Conservation of Threatened Populations of Small Land Birds

Conservation of Threatened Populations of Small Land Birds

This project is currently Active

There are 28 small endemic landbirds in the Galapagos Islands, including the iconic Darwin finches (17 species) and charismatic mockingbirds (4 species). In spite of extensive studies on the evolution of Darwin’s finches and other birds, surprisingly little is known about how many birds are found on each island and whether populations are healthy. 

Recent studies indicate that some bird populations are undergoing severe declines, in particular on the inhabited islands. Studies are underway to understand what is the cause of this decline. The reasons are multiple and include nestling mortality caused by the invasive parasitic fly Philornis downsi (the most serious threat), reduced food availability caused by habitat degradation, predation by invasive species (e.g. rats and cats and the Smooth-billed Ani), and introduced diseases.

To reverse these declines as quickly as possible, the Charles Darwin Foundation (CDF) and the Galapagos National Park Directorate (GNPD) formed the Landbird Conservation Program in 2014. This program counts on the help of Galapagos residents, visitors, and researchers from around the world and is investigating multiple options simultaneously for the protection of these iconic bird species.

Our Research Team

Birgit Fessl

Principal Investigator

Birgit has been studying land birds on the Galapagos Islands for just over 20 years and has extensive experience in bird ecology, bird monitoring and host-parasite interactions with a special focus...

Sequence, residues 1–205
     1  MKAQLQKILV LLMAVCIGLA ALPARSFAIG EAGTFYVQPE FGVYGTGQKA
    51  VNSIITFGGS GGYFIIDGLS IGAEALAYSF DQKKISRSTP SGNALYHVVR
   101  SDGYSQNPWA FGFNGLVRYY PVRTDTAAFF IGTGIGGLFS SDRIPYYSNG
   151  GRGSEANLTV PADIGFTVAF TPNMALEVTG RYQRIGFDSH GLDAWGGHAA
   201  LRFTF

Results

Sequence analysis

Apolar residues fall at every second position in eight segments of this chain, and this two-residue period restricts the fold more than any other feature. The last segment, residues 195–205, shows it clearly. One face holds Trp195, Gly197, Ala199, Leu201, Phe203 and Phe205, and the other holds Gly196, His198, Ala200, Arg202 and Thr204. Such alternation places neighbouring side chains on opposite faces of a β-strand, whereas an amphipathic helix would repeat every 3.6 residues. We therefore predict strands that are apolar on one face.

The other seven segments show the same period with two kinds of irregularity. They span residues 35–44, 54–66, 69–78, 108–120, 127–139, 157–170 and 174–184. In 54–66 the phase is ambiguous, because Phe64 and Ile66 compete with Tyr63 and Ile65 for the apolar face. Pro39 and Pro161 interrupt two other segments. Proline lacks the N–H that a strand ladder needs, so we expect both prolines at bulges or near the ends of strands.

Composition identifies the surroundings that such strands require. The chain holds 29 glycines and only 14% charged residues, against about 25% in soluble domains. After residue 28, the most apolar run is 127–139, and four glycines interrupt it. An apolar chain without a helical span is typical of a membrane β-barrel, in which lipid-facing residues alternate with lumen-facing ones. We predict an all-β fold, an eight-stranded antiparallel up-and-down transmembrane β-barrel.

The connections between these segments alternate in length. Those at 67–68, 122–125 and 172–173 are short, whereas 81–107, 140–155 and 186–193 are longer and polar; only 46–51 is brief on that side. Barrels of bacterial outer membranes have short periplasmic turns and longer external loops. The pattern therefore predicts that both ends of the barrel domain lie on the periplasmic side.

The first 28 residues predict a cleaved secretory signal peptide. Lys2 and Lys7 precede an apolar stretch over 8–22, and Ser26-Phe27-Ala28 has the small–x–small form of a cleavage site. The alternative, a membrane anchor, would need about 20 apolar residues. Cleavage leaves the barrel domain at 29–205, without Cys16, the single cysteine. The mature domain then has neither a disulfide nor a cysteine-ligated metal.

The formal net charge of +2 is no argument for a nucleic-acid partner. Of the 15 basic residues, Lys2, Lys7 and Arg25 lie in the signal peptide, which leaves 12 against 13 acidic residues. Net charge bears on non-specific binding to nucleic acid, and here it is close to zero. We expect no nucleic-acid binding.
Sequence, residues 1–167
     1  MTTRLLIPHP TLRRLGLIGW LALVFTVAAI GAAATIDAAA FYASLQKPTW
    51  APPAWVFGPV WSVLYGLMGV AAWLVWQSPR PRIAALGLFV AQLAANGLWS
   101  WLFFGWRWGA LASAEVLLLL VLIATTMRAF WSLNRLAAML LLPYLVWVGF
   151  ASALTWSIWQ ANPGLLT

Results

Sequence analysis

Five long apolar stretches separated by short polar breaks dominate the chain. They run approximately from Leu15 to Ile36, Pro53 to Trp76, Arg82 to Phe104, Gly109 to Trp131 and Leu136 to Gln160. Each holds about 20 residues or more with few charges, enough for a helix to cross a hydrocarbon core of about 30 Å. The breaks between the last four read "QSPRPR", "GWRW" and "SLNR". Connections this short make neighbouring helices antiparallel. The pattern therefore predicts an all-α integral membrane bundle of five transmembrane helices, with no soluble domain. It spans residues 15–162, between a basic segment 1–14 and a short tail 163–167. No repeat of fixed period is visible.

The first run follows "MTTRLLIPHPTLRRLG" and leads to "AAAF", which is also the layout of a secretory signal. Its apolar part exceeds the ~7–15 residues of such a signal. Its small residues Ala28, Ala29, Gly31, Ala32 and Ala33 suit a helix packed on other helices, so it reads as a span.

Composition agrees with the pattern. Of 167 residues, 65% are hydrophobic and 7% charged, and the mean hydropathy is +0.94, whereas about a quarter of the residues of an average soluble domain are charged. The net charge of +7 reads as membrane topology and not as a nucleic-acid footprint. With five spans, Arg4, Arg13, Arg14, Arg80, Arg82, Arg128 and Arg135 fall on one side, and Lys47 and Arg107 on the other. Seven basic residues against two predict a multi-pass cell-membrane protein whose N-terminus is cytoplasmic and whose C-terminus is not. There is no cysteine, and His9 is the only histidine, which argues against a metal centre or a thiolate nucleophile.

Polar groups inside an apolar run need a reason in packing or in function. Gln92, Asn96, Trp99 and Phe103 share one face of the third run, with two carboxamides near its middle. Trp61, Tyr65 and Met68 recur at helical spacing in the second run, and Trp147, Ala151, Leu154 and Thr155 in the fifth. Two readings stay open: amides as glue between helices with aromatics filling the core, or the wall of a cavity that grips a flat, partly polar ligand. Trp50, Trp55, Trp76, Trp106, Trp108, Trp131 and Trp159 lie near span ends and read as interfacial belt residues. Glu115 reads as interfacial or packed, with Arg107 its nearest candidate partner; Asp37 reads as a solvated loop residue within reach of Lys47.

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Charlotte Causton

Principal Investigator

Charlotte has worked with the CDRS in different projects since 1997, including terrestrial invertebrate research programs. She has extensive experience developing methods for controlling invasive...

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David Anchundia


David is Ecuadorian, originally from Guayaquil. He has worked on conservation projects in Galapagos since 2008. David obtained his undergraduate degree from the University of Guayaquil and his...

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Gislayne Mendoza Alcívar

Project Assistant

Gislayne Mendoza Alcívar is from San Cristóbal Island. He studied Biotechnology Engineering at the San Francisco University in Quito, Ecuador. Her interest in the conservation of wild animals began...

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Project Details

Over 90% of the Galapagos landbirds are endemic, which means that they are only found in the Galapagos Islands. These endemic and native species include:

Darwin’s finches17

Small Ground-finch Geospiza fuliginosa
Medium Ground-finch Geospiza fortis
Large Ground-finch Geospiza magnirostris
Sharp-beaked Ground-finch Geospiza difficilis
Genovesa Ground-finch Geospiza acutirostris
Vampire Finch Geospiza septentrionalis
Common Cactus-finch Geospiza scandens
Española Cactus-finch Geospiza conirostris
Genovesa Cactus-finch Geospiza propinqua
Small Tree-finch Camarhynchus parvulus
Medium Tree-finch Camarhynchus pauper
Large Tree-finch Camarhynchus psittacula
Woodpecker Finch Camarhynchus pallidus
Mangrove Finch Camarhynchus heliobates
Vegetarian Finch Platyspiza crassirostris
Green Warbler-finch Certhidea olivacea
Grey Warbler-finch Certhidea fusca


Galápagos Flycatcher Myiarchus magnirostris
Little Vermilion Flycatcher Pyrocephalus nanus
San Cristóbal Vermilion Flycatcher Pyrocephalus dubius


Galapagos mockingbird Mimus parvulus
Española Mockingbird Mimus macdonaldi
Floreana Mockingbird Mimus trifasciatus
San Cristóbal Mockingbird Mimus melanotis

Other Endemic Species4

Galápagos Dove Zenaida galapagoensis
Galápagos Martin Progne modesta
Galápagos Rail Laterallus spilonota
Galápagos Hawk Buteo galapagoensis

Endemic Subspecies3

Native Species3